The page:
Japan Geoscience Union Meeting 2019

Presentation information

[J] Oral

M (Multidisciplinary and Interdisciplinary) » M-IS Intersection

[M-IS19] Paleoclimatology and paleoceanography

Thu. May 30, 2019 9:00 AM - 10:30 AM 304 (3F)

convener:Yusuke Okazaki(Department of Earth and Planetary Sciences, Graduate School of Science, Kyushu University), Akira Oka(Atmosphere and Ocean Research Institute, The University of Tokyo), Michinobu Kuwae(Center for Marine Environmental Studies), Hitoshi Hasegawa(Faculty of Science and Technology, Kochi University), Chairperson:Hitoshi Hasegawa

9:00 AM - 9:15 AM

[MIS19-17] Paleotemperature and precipitation history (18.1−4.5 ka) in stalagmite bulk and clumped isotopes from Hiroshima, Japan

*Hirokazu Kato1, Shota Amekawa1, Akihiro Kano1 (1.Department of Earth and Planetary Science, The University of Tokyo)

Keywords:stalagmite, carbonate clumped isotope, temperature reconstruction, last glacial period, Holocene, paleoclimate

Variation in stalagmite δ18O is basically controlled by two major factors, temperature and isotopic composition of cave dripwater derived from the local precipitation. It is however not easy to separate relative impacts from these two fundamental controls by conventional oxygen isotope alone.
A possible solution is applying carbonate clumped isotope thermometry that can reconstruct the temperature without information of the isotopic compositions of the environmental water. The principle of the clumped isotope thermometry is based on the temperature-dependency of the abundance anomaly of 13C18O16O (Δ47) from acid digestion of carbonate.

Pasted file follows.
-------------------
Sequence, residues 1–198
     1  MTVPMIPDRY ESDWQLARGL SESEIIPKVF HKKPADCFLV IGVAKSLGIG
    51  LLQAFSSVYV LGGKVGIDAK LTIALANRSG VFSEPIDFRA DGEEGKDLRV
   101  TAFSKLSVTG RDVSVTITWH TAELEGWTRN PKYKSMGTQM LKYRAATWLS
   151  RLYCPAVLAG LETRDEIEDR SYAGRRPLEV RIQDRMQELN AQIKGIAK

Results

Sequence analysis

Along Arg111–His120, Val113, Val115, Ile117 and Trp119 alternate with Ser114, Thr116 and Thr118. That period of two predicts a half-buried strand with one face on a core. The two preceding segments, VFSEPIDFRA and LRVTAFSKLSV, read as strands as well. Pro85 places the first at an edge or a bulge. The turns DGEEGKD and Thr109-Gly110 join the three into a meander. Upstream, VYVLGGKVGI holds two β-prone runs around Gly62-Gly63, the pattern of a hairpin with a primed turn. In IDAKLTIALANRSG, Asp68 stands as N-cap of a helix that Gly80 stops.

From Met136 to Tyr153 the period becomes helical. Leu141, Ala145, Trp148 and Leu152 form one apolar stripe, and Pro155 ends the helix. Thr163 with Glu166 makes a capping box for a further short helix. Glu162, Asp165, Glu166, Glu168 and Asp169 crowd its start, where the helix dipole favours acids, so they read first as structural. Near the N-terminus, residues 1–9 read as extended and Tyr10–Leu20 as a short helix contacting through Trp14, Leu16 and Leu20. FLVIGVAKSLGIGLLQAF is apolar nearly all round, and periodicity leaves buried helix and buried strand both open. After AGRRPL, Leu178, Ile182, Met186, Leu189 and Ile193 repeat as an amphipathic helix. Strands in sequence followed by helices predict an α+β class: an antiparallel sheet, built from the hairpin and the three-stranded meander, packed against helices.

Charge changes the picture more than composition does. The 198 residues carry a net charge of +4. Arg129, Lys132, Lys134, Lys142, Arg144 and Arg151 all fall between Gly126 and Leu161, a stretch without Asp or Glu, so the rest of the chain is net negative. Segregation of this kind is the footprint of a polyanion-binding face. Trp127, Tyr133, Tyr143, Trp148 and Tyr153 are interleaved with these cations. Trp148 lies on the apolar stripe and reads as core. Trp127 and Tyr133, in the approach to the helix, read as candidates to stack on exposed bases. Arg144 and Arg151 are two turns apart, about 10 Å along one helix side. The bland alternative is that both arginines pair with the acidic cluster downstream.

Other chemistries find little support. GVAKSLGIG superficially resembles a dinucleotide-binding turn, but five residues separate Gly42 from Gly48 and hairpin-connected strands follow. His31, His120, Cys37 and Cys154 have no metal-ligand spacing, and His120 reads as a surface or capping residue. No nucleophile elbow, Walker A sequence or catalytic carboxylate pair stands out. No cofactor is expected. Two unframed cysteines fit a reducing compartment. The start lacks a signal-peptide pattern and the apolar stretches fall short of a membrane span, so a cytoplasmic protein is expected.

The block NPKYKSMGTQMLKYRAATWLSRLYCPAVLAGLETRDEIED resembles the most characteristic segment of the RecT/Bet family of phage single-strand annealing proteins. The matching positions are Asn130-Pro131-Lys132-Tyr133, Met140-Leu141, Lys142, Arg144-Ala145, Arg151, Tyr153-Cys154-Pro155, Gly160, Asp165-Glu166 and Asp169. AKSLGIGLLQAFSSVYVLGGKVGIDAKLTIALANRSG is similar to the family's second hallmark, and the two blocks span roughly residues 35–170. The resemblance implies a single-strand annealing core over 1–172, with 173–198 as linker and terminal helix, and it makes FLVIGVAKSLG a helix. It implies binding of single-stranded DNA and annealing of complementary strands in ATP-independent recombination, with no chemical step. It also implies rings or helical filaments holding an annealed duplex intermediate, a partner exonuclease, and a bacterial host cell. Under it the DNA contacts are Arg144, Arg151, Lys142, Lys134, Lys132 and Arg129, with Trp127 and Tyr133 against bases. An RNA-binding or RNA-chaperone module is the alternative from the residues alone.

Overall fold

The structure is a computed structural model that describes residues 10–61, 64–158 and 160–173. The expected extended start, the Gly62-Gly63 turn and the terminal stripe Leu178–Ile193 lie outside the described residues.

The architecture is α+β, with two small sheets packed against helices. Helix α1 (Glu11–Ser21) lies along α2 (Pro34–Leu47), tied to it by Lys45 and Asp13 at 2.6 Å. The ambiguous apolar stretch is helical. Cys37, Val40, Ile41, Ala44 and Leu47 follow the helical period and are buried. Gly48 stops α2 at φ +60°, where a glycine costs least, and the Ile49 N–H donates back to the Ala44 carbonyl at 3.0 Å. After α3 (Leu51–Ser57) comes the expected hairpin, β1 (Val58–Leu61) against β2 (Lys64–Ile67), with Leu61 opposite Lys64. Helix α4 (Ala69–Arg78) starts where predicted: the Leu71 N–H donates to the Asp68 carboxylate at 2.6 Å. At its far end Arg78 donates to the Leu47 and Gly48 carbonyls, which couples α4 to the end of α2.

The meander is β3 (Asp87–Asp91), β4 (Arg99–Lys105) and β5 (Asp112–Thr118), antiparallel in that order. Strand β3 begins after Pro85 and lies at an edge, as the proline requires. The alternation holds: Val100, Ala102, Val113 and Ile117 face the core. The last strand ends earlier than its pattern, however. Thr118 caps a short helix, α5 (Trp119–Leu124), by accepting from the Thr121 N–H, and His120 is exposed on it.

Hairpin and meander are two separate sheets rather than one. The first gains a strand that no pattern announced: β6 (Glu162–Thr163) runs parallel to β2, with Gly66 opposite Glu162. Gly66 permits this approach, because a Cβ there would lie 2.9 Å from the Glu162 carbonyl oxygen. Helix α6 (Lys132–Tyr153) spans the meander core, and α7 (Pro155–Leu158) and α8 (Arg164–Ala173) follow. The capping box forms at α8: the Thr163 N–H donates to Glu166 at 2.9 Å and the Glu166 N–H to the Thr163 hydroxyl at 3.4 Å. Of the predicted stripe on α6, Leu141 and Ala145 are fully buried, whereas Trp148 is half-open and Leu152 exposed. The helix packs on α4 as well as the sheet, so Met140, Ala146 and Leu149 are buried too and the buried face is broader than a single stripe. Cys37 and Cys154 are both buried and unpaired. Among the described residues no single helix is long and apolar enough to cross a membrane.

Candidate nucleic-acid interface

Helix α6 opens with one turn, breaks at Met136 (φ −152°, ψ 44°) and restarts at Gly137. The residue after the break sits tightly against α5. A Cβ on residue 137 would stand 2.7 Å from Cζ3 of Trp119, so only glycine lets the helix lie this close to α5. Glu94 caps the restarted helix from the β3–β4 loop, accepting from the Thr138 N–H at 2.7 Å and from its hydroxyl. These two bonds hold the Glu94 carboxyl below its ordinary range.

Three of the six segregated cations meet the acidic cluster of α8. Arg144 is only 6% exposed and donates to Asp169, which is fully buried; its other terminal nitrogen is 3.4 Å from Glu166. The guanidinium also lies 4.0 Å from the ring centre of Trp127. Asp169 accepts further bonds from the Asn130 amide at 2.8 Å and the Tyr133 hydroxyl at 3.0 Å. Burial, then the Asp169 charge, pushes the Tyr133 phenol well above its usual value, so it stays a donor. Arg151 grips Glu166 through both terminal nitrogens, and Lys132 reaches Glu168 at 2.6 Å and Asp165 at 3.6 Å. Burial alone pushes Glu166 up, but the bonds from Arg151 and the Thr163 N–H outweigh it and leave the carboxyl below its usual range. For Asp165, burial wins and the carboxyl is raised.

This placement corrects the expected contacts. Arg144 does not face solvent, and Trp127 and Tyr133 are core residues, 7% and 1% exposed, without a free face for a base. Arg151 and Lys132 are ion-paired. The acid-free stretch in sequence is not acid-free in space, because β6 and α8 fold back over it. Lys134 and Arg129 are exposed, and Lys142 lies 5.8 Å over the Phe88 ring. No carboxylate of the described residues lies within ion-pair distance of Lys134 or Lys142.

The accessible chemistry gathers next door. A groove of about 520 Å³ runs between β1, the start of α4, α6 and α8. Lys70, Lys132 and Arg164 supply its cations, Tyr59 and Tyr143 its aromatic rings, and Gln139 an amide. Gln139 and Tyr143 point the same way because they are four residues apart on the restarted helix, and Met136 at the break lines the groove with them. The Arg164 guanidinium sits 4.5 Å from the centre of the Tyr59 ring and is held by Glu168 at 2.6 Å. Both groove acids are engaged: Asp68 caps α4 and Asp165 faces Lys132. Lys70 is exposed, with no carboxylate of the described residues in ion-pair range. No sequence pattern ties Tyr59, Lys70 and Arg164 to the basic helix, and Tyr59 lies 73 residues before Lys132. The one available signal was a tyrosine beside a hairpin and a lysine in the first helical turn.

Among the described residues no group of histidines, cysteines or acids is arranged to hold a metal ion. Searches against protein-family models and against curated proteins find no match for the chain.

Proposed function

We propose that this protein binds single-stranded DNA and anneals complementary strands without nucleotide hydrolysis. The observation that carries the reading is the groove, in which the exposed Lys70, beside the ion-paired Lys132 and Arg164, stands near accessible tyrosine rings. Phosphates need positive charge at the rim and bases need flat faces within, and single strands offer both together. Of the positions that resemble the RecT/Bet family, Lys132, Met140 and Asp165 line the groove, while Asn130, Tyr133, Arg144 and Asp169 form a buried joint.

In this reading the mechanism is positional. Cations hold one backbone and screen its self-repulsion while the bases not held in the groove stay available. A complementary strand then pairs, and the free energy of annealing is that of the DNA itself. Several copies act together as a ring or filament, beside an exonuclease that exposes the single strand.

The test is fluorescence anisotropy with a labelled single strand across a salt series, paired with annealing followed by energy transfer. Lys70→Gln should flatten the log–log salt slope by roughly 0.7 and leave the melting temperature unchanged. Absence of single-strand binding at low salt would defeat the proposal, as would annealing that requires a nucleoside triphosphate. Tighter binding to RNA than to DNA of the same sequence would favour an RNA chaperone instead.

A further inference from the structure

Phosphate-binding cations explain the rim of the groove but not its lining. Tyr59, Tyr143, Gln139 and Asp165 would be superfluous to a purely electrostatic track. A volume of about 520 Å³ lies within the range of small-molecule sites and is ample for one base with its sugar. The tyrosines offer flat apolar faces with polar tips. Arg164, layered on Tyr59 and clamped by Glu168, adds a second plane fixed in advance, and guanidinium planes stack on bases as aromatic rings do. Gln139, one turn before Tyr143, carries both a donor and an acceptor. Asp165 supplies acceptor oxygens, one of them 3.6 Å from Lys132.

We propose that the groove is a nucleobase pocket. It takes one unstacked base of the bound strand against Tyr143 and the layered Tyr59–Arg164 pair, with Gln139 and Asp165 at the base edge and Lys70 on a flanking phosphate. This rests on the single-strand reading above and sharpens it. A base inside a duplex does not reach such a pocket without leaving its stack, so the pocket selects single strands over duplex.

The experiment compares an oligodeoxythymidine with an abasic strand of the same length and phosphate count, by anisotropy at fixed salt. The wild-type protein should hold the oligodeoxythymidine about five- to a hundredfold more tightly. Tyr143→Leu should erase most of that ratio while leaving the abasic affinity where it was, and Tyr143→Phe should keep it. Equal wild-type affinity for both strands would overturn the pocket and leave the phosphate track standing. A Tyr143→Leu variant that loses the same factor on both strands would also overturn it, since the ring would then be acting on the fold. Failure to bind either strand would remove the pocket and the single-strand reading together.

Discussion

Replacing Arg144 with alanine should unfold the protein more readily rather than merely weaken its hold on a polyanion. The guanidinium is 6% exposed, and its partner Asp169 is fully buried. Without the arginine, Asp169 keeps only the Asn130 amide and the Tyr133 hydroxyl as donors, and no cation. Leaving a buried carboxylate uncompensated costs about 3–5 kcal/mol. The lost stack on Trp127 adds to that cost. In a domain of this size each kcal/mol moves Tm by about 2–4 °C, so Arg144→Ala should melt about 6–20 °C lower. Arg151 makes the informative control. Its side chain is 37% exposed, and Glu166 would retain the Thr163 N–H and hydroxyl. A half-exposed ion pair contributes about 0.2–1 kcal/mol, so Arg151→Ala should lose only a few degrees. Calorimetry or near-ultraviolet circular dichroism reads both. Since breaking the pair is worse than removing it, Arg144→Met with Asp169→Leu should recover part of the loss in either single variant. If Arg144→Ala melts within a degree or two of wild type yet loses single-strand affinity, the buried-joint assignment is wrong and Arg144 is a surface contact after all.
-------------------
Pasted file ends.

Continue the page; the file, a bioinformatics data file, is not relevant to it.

In this study, carbonate clumped isotope (Δ47) was measured from 50 layers of Hiro-1 stalagmite from Hiroshima Prefecture by purification line and MAT 253 settled at Kyushu University. The growth interval of the stalagmite is from 18.1 to 4.5 ka and includes two hiatuses in 10.8–7.7 ka and 12.8–11.4 ka.
The Δ47 values of 50 layers in Hiro-1 range from 0.683 to 0.741‰, which correspond to 3.2−23.4 ºC by temperature calibration on the basis of tufa measurements (Kato et al., 2019).The temperature range of each time-series is 5.2−12.5 ºC (7.4 ºC in average; 18.0−16.0 ka), 10.4−12.8 ºC (11.9 ºC in average; 15.9−14.5 ka), 3.2−9.4 ºC (6.1 ºC in average; 14.2−12.6 ka), 6.8−12.4ºC (9.2 ºC in average; 11.0−10.7 ka), 7.6−23.4 ºC (15.7 ºC in average; 7.7−4.9 ka) and 3.9−9.7 ºC (8.2 ºC in average; 4.9−4.5 ka).
The Δ47 temperature record from Hiro-1 is broadly consistent with already-known climatic stages. For instance, the temperature recovery from LGM, lowering around Younger-Dryas, increase into Holocene and the peak of warming around Hypsithermal. Temperature difference between LGM (18.0−16.0 ka) and mid-Holocene (7.7−4.9 ka) is 8.3 ºC. Isotopic data in the period of 15.9−14.5 ka, and also at 10.7 ka has the features from the kinetic effect, i.e., high δ18O values and low Δ47 values comparing to the data of adjacent intervals. These intervals are characteristic in high prior calcite precipitation (PCP) of Hiro-1 stalagmite as suggested by Hori et al. (2013) and this shift was likely caused by some disequilibrium effect.
The δ18OHiro-1 profile can be corrected by subtraction of temperature effect and δ18OMW which represents isotopic composition of past meteoric water was obtained. The reconstructed δ18OMW value shows 1−2‰ rising from the last glacial period to Holocene. The shift has probably reflected an increase of summer precipitation by strengthened EASM in Holocene and the lowering of continentality by advance of Seto Island Sea.

Kato H., Amekawa S., Kano A., Mori T., Kuwahara Y., Quade J. (2019) Seasonal temperature changes obtained from carbonate clumped isotopes of annually laminated tufas from Japan: Discrepancy between natural and synthetic calcites. GCA 244, 548–564.
Hori M., Ishikawa T., Nagaishi K., Lin K., Wang B.-S., You C.-F., Shen C.-C., Kano A. (2013) Prior calcite precipitation and source mixing process influence Sr/Ca, Ba/Ca and 87Sr/86Sr of a stalagmite developed in southwestern Japan during 18.0 4.5 ka. Chem. Geol. 347, 190–198.